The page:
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Products > Ceanothus 'Dark Star'
Ceanothus 'Dark Star' - Dark Star Ceanothus
Image of Ceanothus 'Dark Star'
Habit and Cultural Information
Category: Shrub
Family: Rhamnaceae (Buckthorns)
Origin: California (U.S.A.)
Evergreen: Yes
Flower Color: Dark Blue
Bloomtime: Spring
Parentage: (C. impressus x C. papillosus var. roweanus)
Height: 4-8 feet
Width: 8-12 feet
Exposure: Full Sun
Summer Dry: Yes
Deer Tolerant: Yes
Irrigation (H2O Info): Low Water Needs
Winter Hardiness: 10-15 F
Ceanothus 'Dark Star' (Dark Star Ceanothus) - A dense, vase-shaped shrub growing quickly to about 6 feet tall by 8 feet wide with very small, deep green leaves that have a dimpled surface. When the dark, cobalt-blue flower clusters bloom in spring, the overall effect is breathtaking.

Plant in full sun and provide good drainage. Requires little or no water in summer. It is hardy to 15 degrees F. Best suited to coastal gardens where it is one of the showiest and most popular cultivars of California lilac - useful as a beautiful informal screen or a feature shub. Noted as less attractive to predation by deer but still eaten when they get hungry.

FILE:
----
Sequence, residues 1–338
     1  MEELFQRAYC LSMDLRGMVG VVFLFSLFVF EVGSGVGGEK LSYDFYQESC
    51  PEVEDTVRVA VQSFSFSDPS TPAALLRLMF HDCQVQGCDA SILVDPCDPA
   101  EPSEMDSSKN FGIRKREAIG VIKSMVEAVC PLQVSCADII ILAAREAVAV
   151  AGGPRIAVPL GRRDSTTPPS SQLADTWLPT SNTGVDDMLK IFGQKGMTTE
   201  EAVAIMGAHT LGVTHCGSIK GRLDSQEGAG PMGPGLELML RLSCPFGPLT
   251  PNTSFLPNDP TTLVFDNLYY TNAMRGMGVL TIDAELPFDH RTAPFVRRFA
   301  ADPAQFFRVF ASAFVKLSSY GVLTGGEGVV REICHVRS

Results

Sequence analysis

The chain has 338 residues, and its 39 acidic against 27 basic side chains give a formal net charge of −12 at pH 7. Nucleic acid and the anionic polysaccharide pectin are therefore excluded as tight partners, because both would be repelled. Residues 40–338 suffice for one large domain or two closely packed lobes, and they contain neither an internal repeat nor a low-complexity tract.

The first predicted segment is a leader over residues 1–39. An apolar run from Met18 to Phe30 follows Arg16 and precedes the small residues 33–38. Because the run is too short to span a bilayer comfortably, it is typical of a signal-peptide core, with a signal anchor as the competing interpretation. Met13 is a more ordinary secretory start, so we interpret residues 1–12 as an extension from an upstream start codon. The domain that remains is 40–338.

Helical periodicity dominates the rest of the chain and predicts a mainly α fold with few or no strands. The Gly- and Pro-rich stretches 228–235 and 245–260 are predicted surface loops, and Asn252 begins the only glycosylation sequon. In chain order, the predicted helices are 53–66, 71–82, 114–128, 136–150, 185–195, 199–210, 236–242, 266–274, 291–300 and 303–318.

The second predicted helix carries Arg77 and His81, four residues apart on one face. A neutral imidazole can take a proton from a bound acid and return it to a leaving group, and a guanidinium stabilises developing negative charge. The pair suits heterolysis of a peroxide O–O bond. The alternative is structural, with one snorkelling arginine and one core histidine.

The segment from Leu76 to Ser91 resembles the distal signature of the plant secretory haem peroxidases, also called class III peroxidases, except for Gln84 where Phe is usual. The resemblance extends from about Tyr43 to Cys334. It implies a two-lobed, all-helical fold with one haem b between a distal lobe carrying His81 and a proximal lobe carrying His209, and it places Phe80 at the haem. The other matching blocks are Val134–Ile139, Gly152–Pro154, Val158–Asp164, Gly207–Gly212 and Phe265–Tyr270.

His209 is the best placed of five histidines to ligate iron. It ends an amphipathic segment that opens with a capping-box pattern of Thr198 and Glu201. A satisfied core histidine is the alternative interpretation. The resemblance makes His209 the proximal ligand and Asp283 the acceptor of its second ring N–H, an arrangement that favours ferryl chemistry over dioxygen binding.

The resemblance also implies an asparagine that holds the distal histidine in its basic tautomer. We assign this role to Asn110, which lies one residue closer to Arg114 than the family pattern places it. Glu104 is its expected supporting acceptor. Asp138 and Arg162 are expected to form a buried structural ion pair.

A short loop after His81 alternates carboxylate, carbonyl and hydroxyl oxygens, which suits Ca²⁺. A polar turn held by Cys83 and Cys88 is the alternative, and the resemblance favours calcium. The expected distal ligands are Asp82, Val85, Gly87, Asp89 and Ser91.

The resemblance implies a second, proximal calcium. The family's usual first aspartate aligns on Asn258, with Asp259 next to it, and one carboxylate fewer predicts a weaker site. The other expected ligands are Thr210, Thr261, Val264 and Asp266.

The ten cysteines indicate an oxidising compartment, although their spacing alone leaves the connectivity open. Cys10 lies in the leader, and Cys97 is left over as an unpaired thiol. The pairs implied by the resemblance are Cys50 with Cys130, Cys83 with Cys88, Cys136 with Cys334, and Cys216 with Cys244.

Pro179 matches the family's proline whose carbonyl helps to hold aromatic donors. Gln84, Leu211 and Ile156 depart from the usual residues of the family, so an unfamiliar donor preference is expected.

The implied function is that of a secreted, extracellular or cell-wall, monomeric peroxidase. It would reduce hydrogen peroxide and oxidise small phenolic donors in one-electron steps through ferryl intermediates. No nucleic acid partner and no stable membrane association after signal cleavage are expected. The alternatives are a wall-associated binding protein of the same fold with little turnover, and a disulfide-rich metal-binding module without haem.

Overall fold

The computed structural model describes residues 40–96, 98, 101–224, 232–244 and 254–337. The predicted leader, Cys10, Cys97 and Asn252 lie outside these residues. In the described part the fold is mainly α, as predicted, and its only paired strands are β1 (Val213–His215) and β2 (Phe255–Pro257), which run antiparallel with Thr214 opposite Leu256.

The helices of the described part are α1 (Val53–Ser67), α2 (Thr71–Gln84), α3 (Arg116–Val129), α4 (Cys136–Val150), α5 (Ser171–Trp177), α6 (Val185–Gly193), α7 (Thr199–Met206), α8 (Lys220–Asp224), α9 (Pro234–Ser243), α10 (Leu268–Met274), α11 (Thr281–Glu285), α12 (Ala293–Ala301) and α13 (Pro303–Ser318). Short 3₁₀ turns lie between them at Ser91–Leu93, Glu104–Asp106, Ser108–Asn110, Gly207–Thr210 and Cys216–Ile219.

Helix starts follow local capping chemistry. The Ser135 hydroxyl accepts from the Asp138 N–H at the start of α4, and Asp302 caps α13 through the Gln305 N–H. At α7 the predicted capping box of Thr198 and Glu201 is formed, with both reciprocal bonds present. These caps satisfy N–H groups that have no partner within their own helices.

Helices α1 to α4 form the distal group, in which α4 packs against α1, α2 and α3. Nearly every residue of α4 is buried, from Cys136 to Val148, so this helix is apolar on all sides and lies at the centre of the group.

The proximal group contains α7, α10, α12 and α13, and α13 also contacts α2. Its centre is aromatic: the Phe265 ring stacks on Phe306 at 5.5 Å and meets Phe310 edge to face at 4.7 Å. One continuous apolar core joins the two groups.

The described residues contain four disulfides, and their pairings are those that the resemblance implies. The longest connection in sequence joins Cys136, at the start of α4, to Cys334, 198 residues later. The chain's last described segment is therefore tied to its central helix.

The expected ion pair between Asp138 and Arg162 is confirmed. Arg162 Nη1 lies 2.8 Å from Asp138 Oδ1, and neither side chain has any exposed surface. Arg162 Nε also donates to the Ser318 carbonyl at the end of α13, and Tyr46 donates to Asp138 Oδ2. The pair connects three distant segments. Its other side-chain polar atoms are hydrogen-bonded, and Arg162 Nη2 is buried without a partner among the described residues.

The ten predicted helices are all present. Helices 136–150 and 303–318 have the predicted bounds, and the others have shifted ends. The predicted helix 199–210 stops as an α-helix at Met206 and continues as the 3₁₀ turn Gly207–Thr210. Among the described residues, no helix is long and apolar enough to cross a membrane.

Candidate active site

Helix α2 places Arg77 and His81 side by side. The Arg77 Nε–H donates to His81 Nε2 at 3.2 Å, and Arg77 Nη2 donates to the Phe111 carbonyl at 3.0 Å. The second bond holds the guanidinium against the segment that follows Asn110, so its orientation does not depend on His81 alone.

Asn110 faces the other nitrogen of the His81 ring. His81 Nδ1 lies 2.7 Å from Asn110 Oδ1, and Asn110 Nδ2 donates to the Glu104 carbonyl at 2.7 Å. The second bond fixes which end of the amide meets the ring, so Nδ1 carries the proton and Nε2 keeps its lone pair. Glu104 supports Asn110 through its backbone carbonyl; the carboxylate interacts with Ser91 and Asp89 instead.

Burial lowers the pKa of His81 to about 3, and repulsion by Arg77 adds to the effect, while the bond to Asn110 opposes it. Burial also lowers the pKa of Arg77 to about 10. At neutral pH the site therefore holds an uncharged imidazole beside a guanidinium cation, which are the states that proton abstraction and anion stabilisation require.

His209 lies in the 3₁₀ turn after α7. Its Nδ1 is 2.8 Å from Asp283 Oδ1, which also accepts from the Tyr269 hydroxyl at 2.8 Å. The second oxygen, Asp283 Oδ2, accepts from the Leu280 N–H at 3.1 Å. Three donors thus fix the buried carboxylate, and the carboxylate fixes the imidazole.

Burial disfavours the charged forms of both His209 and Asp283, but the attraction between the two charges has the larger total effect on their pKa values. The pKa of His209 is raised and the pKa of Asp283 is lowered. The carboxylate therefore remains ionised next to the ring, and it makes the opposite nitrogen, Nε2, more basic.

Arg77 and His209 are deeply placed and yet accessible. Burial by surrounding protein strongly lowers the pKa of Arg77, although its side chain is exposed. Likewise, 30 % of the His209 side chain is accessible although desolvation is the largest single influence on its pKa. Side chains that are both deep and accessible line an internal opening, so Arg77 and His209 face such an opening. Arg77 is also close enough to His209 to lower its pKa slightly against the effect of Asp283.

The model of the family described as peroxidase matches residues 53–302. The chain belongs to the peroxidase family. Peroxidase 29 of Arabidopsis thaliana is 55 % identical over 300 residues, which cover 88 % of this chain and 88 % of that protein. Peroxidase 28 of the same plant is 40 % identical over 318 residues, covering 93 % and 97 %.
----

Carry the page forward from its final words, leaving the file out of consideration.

This cultivar was introduced by Ken Taylor in 1971, who selected it from seelings planted in his Aromas, California garden in 1968. It is believed to be a cross between the Santa Barbara Ceanothus, Ceanothus impressus and Ceanothus papillosus var. roweanus (now considered to just be a compact form of Ceanothus papillosus). We have grown this great plant since 1983.

The genus name comes from the Greek word keanthos which was used to describe a type of thistle and meaning a "thorny plant" or "spiny plant" and first used by Linnaeus in 1753 to describe New Jersey Tea, Ceanothus americanus

This information about Ceanothus 'Dark Star' displayed on this web page is based on research we have conducted in our horticultural library and from reliable online resources. We also will relate observations we have made about it as it grows in our nursery gardens and other gardens visited, as well how our crops have performed in containers in the nursery field. Where appropriate, we will also incorporate comments that we receive from others and we welcome hearing from anyone with additional information, particularly if they can share cultural information that would aid others in growing this plant.